Vertical distributions of the various terms (buoyancy, dissipation, pressure, transport, and shear) in the TKE budget for (a) B, (b) BG, and (c) BGS simulations averaged between 7 and 8 h of simulation (2000–2100 UTC)

Citation: Journal of the Atmospheric Sciences 60, 16; 10.1175/1520-0469(2003)060<1913:TCOSTT>2.0.CO;2

Fig. 8.
Fig. 8.

Vertical profile of the total buoyancy flux normalized by its surface value (solid lines) time averaged between 7 and 8 h of simulation for B, BG, and BGS simulations (solid lines). The normalized subgrid-scale contributions for each simulation (dotted lines) are also shown

Citation: Journal of the Atmospheric Sciences 60, 16; 10.1175/1520-0469(2003)060<1913:TCOSTT>2.0.CO;2

Fig. 9.
Fig. 9.

MLD observed by the radiosondes launched at the different facilities—C1 (+), B1 (*), B4 (×), B5 (⋄), and B6 (□)—and obtained by means of LES: B is a solid line, BG is a dotted line, and BGS is a dashed line. Thick lines represent h and thin lines hs. The observed MLD for each observational site is estimated at the height at which the virtual potential temperature equals the virtual potential temperature of the mixed layer plus 1 K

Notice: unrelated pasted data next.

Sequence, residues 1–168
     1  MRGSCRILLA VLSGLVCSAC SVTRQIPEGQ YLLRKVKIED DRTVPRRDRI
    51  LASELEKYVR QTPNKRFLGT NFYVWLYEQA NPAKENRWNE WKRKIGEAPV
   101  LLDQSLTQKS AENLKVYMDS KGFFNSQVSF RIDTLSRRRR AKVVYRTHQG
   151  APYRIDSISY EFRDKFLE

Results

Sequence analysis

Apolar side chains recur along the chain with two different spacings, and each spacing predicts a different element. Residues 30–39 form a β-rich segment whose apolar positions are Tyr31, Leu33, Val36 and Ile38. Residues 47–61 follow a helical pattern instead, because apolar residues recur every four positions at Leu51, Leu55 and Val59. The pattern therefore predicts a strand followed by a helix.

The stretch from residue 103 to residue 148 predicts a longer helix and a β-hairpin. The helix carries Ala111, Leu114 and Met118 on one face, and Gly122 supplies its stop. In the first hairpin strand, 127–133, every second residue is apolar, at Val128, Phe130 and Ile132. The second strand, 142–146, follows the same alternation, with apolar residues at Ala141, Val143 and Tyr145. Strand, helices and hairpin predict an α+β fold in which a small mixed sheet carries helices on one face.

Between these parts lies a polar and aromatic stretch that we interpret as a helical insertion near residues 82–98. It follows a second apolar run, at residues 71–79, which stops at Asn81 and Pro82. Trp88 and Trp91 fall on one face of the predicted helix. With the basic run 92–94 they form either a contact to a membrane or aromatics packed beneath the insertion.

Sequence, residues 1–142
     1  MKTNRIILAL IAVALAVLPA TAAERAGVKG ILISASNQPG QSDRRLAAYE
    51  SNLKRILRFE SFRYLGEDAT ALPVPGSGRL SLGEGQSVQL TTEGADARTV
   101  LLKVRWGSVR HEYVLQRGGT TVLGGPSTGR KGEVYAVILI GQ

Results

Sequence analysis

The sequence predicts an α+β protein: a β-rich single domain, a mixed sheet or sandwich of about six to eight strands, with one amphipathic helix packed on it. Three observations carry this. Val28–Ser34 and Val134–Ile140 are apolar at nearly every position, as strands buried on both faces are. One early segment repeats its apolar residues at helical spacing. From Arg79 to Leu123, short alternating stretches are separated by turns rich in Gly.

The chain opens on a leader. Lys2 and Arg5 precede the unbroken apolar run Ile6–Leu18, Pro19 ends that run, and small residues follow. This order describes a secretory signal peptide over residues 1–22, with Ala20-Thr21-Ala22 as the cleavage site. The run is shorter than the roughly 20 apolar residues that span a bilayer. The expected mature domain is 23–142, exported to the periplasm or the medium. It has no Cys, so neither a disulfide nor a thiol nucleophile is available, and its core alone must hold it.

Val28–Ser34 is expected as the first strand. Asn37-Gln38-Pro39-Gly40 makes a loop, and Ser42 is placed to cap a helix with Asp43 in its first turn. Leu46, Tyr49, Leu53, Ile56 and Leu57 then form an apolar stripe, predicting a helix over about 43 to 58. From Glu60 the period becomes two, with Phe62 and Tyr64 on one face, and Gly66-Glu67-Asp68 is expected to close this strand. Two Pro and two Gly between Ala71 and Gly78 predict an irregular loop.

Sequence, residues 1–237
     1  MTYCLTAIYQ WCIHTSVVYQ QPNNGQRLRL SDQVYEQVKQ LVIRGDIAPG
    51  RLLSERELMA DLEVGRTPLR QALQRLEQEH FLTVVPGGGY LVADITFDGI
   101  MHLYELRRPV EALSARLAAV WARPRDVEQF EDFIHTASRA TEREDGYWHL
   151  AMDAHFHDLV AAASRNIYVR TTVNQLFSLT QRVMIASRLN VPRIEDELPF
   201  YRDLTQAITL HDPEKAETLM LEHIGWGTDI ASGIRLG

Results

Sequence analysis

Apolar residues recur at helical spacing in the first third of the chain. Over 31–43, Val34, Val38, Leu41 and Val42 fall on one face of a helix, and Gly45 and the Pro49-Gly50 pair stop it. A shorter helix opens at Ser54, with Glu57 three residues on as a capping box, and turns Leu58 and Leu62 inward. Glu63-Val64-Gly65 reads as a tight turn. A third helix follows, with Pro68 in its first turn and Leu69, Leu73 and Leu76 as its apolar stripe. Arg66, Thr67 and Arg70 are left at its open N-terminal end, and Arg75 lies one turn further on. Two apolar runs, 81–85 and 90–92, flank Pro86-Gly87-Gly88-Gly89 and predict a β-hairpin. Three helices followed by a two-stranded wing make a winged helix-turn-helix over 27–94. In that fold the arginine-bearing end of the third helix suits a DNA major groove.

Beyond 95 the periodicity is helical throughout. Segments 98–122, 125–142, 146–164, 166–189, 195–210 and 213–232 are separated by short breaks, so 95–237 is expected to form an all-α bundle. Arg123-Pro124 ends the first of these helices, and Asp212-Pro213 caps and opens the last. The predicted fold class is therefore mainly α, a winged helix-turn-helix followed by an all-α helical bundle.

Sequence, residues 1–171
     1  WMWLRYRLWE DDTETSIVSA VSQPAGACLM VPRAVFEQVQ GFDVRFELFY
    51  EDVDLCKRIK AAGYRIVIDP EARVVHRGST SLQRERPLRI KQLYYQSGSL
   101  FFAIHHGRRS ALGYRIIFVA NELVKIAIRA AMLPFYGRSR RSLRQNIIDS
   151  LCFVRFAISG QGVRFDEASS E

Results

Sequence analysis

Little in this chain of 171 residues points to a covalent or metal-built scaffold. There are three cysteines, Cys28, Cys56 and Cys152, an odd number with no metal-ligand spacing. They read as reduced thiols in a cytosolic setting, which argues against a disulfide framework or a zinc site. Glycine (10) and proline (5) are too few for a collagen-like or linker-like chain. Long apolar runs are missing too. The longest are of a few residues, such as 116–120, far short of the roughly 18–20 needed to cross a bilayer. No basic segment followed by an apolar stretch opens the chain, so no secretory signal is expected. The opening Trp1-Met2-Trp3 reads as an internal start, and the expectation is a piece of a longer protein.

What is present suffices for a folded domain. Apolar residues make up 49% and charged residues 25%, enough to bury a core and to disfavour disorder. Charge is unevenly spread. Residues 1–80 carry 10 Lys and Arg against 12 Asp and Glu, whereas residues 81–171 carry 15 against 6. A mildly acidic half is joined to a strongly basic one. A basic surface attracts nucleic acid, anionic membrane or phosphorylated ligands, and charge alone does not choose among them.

Citation: Journal of the Atmospheric Sciences 60, 16; 10.1175/1520-0469(2003)060<1913:TCOSTT>2.0.CO;2

Fig. 10.
Fig. 10.

Time evolution of the β parameter averaged every 30 min for the various LES runs (thick lines, LES) and represented by expression (12) (thin lines, PAR): B (solid line), BG (dotted line), and BGS (dashed line). The values of CF, η, CT, and CM in expression (12) for each of the comparisons are listed in Table 2.

Citation: Journal of the Atmospheric Sciences 60, 16; 10.1175/1520-0469(2003)060<1913:TCOSTT>2.0.CO;2

Table 1.

Locations of the radiosondes and surface sites used in this study

Table 1.
Table 2.

The TKE terms (B: buoyancy, P: pressure transport, S: shear production at the inversion, T: turbulent transport, TE: tendency) and the constants of expression (12) used for each of the comparisons

Table 2.
Table 3.

Mean value (averaged between 1530 UTC and 2100 UTC) of the β parameter and entrainment ratio for LES results and for the parameterization [Eqs. (12) and (13), respectively]

Table 3.